This is the least preferred setup, only to be used if you cannot use one of the setups above. You cannot use the tek4010 emulator running screens, as it is done in the standard setup of the PiDP using the console, because screens filters the output stream of simh and is therefore unsuitable for graphics terminals such as the tek4010 emulator. If you don't want to change the standard setup, use ctrl-e to stop simh, and then "exit" to quit simh.

Because tek4010 needs rsh, you need to install rsh-server and rsh-client on the Raspberry Pi. You cannot use telnet here.

sudo apt-get install rsh-server
sudo apt-get install rsh-client

Now start tek4010 as follows:

./tek4010 rsh -l pi localhost

This should give you a login prompt into your Raspberry Pi. If not, test the rsh call first.

Once your password has been accepted, be prepared to use the "home" key or any of the other keys described above frequently to avoid to get a mess on the dump 4010 terminal emulator! The following will start the PiDP software without using screens:

cd /opt/pidp11/bin
./pidp11.sh

Everything should run as expected, and you should be able to use the tek4010 terminal emulator with any of the historical operating systems.

One word of caution! If you run the PiDP-11 software this way without using screens, you SHOULD NOT detach or quit the terminal while your historical operating system is running, because this will kill the PiDP-11 simh emulator right away. First run down your historical operating system and simh properly, before detaching the terminal emulator!

Options of the command tek4010

Call the command tek4010 using the following syntax:

tek4010 [options of tek4010] command [options of command]

"command" is a mandatory command to be run by tek4010, such as telnet, rsh or cat.

tek4010 has the following options:

-noexit		do not close window after completion of "command"

-raw		do not execute an automatic CR (carriage return) after a LF (line feed)

-tab1		execute a blank	instead of a tab to the next 8-character column

-b9600, -b4800, -b2400, -b1200, -b600, -b300
		Emulate a baud rate. Without one of these arguments, the baud rate
		is 19200 baud. The original Tektronix 4010 had a maximal baud rate
		of 9600 baud. With the small baud rates you can emulate 1970s 
		style modem performance. Early modems had a baud rate of 300.

-full		in this mode the tek4010 emulator creates a full screen window, and
		uses the full resolution of the 4014 with the enhanced graphics module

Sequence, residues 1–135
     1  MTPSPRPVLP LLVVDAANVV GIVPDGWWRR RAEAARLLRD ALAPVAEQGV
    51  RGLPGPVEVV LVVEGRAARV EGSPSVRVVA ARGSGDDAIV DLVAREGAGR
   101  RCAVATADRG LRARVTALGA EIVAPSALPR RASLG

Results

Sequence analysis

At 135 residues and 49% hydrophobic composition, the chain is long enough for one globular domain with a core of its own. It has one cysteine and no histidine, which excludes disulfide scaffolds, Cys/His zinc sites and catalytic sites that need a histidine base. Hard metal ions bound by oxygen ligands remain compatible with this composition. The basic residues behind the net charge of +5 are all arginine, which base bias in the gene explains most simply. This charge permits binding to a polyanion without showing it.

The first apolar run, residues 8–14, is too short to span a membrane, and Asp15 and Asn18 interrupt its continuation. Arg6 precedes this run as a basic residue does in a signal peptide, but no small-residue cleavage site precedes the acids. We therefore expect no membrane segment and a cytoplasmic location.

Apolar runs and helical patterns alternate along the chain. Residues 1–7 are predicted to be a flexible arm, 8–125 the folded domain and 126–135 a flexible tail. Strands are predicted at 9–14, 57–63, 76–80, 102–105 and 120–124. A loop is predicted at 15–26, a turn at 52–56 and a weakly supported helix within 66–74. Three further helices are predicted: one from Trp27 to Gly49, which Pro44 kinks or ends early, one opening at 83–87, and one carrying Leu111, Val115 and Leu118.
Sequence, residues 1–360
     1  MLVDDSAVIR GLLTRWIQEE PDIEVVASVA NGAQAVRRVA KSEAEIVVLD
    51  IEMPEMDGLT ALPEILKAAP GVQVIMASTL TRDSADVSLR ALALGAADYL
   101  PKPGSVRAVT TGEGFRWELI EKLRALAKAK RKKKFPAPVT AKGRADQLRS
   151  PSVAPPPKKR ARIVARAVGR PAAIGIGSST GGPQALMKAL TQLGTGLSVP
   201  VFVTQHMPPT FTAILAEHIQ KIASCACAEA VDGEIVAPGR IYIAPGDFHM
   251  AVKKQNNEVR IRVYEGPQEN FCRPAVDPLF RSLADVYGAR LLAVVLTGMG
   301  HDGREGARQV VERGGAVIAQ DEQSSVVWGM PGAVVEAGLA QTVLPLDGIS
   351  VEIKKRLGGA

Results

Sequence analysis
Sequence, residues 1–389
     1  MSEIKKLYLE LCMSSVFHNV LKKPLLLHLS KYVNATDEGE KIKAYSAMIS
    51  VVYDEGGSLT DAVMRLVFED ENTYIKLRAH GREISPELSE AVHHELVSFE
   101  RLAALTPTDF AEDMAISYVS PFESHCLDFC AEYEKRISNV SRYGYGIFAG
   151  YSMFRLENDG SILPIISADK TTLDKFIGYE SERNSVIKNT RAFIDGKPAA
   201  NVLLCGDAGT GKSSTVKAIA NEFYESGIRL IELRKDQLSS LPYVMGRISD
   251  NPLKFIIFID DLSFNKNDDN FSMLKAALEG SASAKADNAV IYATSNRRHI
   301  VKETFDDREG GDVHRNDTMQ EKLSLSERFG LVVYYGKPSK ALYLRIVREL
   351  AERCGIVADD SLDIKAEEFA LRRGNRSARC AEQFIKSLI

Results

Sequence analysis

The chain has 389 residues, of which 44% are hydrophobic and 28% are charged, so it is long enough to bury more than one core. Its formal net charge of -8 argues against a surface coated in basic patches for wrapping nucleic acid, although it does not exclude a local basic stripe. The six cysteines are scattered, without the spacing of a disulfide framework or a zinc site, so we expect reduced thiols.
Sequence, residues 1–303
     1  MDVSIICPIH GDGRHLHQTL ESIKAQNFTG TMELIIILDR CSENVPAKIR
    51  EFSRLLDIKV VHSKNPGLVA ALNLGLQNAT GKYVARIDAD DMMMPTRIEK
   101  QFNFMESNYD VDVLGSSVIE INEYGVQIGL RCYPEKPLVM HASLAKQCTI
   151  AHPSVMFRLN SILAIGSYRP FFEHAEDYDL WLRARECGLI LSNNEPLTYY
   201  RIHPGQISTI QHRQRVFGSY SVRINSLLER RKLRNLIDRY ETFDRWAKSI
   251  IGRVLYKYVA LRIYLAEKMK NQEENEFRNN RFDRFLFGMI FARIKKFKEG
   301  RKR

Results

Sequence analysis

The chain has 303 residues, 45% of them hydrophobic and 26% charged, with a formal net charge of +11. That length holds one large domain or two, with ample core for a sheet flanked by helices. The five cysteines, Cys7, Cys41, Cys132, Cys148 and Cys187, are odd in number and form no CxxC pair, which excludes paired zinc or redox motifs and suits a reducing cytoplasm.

installed, scaled down to the actual window size. Use ctrl-q to
		close the tek4010 window.

-ARDS		display ARDS data

-APL		emulate Tektronix 4013/4015 with alternative APL character set.
		Details see below.

APL mode

If tek4010 is called with the -APL argument, a Tektronix 4013 and Tektronix 4015 is emulated with the alternative APL character set. In this mode, the following ctrl keyboard characters are active:

ctrl-n	Switch to APL character set
ctrl-o	Switch to normal character set

In this case one can also send "ESC ctrl-n" and "ESC ctrl-o" from the computer to switch the character set.

If you want to use the APL mode, you need to install the Apl385 font. Starting from the Tek4010 directory, type

cd apl
sudo install_apl

You should see the following line displayed:

    /usr/share/fonts/truetype/apl385/Apl385.ttf: APL385 Unicode:style=Regular

While still being in the apl directory, you can test the APL character set using

../tek4010 -APL -noexit ./apltest

While the second (APL) character set is displayed, it is also possible to translate any key on your keyboard displaying a printable character (ASCII codes between 32 and 127) to any other printable character. The file "aplkeys" in the folder "apl" provides an example of such a conversion table. The first row in this file is the ASCII code of the key, and the second the translated code. If you want to use keys with the "left alt" key, add 128 to the code in the first row of the file. It is even possible to produce overstrike glyphs by adding a second code multiplied by 256 in the second row. You can modify this table to match your keyboard and country code. You can obtain the codes for the first and second row from the screenshot below. To install the "aplkeys" table, type